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June 23, 1894


JAMA. 1894;XXII(25):960. doi:10.1001/jama.1894.02421040028006

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Doubts as to the identity of the disease reported to be Asiatic cholera in Canton and Hong Kong, noted in the Journal of the 9th inst., are resolved through recent advices by the Pacific steamers. It is obviously an epidemic of bubonic plague and one of marked severity. The disease appears to have originated in Hong Kong and to have made its appearance in Canton about the end of April. Some idea of its ravages may be formed from the reports of a resident missionary in Canton, who made systematic investigations which showed a total of 6,000 deaths among the Cantonese in the first eight days; and its virulence and fatality may be inferred from the returns of one hospital, in which out of 393 cases received there were 320 deaths.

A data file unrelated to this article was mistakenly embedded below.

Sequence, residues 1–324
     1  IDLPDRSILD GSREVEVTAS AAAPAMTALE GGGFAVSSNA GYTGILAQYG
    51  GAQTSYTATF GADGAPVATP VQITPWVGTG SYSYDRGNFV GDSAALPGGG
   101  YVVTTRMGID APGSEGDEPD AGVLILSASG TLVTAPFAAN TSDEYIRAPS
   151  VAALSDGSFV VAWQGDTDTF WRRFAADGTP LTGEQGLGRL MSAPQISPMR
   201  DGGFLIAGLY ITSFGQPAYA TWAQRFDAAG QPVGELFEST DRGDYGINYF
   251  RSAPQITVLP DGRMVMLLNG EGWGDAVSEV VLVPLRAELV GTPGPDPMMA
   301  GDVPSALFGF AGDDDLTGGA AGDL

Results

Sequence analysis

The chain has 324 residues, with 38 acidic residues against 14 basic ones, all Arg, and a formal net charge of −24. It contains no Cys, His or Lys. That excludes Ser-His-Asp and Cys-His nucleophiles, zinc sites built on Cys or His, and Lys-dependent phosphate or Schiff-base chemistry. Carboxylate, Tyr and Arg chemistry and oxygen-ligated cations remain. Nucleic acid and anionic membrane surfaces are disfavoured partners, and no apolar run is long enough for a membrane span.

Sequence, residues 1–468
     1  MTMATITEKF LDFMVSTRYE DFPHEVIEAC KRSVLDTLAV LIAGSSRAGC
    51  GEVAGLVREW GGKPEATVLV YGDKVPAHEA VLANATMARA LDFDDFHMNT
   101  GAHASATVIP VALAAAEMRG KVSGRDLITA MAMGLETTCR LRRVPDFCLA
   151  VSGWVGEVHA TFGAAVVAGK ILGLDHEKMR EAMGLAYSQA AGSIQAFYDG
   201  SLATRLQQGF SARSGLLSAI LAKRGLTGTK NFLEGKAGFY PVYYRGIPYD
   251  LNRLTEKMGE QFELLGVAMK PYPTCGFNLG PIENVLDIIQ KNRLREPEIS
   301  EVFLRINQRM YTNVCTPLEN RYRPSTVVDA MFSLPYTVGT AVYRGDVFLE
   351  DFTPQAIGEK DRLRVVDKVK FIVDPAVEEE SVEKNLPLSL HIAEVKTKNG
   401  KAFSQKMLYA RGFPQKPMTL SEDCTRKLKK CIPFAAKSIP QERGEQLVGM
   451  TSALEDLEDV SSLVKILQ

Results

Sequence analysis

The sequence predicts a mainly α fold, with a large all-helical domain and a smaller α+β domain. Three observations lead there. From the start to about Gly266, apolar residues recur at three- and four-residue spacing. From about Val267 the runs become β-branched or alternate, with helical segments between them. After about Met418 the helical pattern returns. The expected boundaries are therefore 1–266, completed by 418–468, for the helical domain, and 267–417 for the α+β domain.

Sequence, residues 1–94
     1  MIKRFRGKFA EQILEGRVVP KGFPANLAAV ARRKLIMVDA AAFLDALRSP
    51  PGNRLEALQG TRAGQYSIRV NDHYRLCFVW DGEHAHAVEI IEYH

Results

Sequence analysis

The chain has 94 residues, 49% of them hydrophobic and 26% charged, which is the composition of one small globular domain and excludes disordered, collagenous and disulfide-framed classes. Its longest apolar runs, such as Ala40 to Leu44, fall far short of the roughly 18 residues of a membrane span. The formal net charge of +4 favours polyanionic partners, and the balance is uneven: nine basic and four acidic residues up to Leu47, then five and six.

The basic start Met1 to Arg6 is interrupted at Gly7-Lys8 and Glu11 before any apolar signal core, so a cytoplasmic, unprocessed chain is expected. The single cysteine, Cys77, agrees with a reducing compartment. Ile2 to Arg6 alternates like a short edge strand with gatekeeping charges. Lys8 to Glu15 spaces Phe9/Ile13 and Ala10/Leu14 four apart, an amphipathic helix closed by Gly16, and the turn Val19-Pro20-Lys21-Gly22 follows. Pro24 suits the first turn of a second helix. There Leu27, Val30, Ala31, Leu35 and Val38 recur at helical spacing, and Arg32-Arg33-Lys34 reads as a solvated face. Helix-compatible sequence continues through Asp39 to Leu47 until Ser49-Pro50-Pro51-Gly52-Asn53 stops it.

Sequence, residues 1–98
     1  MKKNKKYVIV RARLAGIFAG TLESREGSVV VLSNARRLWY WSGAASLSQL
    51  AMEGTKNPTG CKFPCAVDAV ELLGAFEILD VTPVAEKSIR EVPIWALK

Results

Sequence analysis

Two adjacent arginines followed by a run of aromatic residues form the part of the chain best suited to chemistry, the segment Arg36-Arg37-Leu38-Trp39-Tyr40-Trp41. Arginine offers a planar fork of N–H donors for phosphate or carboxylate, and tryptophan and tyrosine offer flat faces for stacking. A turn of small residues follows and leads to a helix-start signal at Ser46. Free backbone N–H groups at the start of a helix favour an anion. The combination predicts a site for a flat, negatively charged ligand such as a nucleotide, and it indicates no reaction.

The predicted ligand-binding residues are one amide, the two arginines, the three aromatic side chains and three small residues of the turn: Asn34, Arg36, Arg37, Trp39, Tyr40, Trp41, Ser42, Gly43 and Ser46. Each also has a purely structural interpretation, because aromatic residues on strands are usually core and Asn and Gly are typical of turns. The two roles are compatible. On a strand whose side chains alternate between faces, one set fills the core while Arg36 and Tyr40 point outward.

The symptoms of the disease, as reported by a district physician to Colonial Surgeon Ayres, are as follows: "With

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